Career author and television writer George R.R. Martin is well on his way to becoming a legend in his own time with his grandest of epics A Song of Ice and Fire that begins with A Game of Thrones. Published by Bantam Books, this astounding novel launched this epic fantasy series in 1996.
A Game of Thrones creates the usual fantasy genre world with Medieval technology and sensibilities, and Martin enriches it with abundant detail, deft use of political intrigue, and a many-layered development of the social order of his magical realms.
The Fantasy World Setting
Written on the scale of a true epic, A Game of Thrones covers many different lands from harsh northern landscapes of old piney forests, to wealthy cities with high castles, scorching deserts, and barbaric nomadic encampments. An overarching theme of the world is its peculiar climatic state in which seasons shift slowly. It can be summer for decades and winter for decades. As A Game of Thrones opens, it is said that the summer is fading, and with much foreboding, that the time of winter is coming.
The social order consists of nobles and commoners, referred to cleverly as smallfolk. Religious power is dominated by the state church that worships the Seven, but this has been superimposed upon a far older religion that was closer to nature. All the castle strongholds of the ancient families contain a sacred grove called a Godswood. Once all the Godswoods contained a heart tree as a divine presence, but most have been ripped out since the rise of the Seven. However, one of the main noble families in the story, the Starks, still honor the Old Gods and have a heart tree in their family’s Godswood.
A scholarly order called the Maesters is also an important player in the social order. The men of this order are learned in many subjects, almost limitless subjects if they are ambitious, and they also fulfill the function of delivering medical care. Each noble family has a Maester in its household. Maesters also handle most communication with letters and messenger crows.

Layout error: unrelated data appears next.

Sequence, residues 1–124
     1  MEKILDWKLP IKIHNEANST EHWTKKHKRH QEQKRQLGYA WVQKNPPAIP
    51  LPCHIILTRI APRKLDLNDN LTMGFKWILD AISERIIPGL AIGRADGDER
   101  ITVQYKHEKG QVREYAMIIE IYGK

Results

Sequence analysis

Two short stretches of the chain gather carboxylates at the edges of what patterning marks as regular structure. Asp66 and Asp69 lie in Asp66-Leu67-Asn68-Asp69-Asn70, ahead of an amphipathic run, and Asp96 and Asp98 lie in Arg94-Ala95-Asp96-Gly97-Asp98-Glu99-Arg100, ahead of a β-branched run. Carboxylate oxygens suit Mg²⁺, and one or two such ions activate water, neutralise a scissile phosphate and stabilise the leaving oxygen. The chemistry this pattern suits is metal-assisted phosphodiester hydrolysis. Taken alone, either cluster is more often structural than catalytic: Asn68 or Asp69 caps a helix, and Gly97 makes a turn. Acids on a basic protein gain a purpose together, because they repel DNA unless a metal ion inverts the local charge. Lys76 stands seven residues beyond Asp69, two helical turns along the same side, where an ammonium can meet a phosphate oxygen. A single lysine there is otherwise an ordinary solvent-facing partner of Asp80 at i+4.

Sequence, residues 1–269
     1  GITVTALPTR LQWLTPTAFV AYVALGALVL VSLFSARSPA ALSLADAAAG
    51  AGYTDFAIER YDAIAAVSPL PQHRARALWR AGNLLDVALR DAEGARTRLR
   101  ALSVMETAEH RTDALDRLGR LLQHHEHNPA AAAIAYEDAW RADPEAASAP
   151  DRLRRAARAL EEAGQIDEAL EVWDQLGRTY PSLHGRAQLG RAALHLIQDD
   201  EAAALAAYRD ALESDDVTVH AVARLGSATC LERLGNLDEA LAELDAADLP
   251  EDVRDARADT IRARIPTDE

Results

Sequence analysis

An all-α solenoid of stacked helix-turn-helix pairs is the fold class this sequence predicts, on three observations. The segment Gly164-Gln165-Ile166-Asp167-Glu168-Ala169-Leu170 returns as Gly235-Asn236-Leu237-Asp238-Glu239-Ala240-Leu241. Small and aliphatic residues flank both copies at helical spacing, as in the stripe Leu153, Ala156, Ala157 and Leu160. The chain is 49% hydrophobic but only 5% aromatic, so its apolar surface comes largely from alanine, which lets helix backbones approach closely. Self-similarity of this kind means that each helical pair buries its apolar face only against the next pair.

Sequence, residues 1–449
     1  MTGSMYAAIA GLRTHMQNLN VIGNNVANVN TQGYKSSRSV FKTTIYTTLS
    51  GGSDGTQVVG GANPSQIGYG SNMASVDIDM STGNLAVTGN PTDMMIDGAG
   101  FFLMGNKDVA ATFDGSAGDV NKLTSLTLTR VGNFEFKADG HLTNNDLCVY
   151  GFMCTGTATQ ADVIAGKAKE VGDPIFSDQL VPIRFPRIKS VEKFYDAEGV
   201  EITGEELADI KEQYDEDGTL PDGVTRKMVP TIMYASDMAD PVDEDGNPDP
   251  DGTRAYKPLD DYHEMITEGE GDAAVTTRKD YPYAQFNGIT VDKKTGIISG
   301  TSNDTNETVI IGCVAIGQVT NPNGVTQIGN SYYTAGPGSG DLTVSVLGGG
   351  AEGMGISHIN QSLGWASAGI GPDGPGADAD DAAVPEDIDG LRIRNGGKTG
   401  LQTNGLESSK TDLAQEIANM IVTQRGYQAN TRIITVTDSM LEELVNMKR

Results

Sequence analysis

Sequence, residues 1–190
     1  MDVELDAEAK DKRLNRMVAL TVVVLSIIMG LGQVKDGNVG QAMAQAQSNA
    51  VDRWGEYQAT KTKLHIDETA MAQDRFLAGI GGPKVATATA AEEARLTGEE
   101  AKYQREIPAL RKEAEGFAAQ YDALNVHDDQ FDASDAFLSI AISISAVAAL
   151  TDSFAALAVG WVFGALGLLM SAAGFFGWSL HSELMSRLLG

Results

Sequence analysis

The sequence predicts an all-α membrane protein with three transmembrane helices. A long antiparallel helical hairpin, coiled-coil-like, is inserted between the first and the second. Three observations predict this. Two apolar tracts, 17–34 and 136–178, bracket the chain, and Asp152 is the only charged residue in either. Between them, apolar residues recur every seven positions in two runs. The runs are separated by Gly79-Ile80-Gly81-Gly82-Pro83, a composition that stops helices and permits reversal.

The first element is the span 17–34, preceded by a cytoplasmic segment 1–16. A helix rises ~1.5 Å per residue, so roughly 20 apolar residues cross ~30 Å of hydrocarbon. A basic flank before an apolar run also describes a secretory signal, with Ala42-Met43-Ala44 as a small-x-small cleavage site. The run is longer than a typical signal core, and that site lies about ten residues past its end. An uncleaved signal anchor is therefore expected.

An omnipresent force in the story is the Wall in the north. It is an ancient and massive construction of ice that guards civilization from the Wildling people of the far north and other more threatening supernatural dangers. The Wall is manned by the Night’s Watch. Members of the Night’s Watch take no wives and are ostensibly sworn to celibacy. Some men volunteer for the Night’s Watch, which is called taking the black, but since the duty is hardly attractive, necessity demands that the ranks be filled from captured criminals as well.
Characters and Plot
No review can attempt to convey the full complexity of the plot of A Game of Thrones, but suffice to say the flashpoint of the fantasy novel’s immense plot is the overthrow of the entrenched dynasty of the Targaryens by Robert Baratheon, which took place about a half a generation prior to the opening of the novel. Upon this setting of a recent upheaval, old ambitions and resentments linger among powerful families based on who sided with whom during the war between Baratheon and the Targaryens. Also, two heirs of the Targaryens survive in exile and plot to reclaim their kingdom.
- Daenerys – The young and beautiful surviving daughter of the ancient Targaryen Dynasty, she rekindles inside her the potent mystical power that once made her family stronger than all others. Her family is “the blood of the dragon” and reborn in her care are the dragons of old. The hatchlings suckle at her breast. With such growing power at her command, the usurpers of her kingdom will surely know her wrath in due time.
- The Starks – Much of the fantasy novel is told from the perspective of the members of this noble family, Eddard, Catelyn, and their children. They are compelling characters that draw out the sympathy of the reader, especially because their choices tend toward the tragic.
- Jon Snow – The bastard son of Eddard Stark, his mother is a mystery. Jon Snow, knowing that he cannot be his father’s heir, decides to take the black and join the Night’s Watch on the Wall.
- Tyrion Lannister – He is a dwarf, which carries on the fantasy genre tradition that often includes dwarves, except he is not a different race. Tyrion is a human dwarf. He is much reviled by his family, but he finds power in his scheming wit and he is a thoroughly interesting character.
The strength of Martin as a writer comes through in his characters. He constructs his fantasy novel entirely from the point of view of different characters. Each chapter is named for the character that will be guiding the story for that portion of the novel. The style of Martin’s story telling has more modern grit than fairy tale charm. His fantasy is not meant for children, which has made him a resounding success. Additionally, Martin has mastered the cliffhanger. He knows how to end a novel and leave a reader truly in need of more.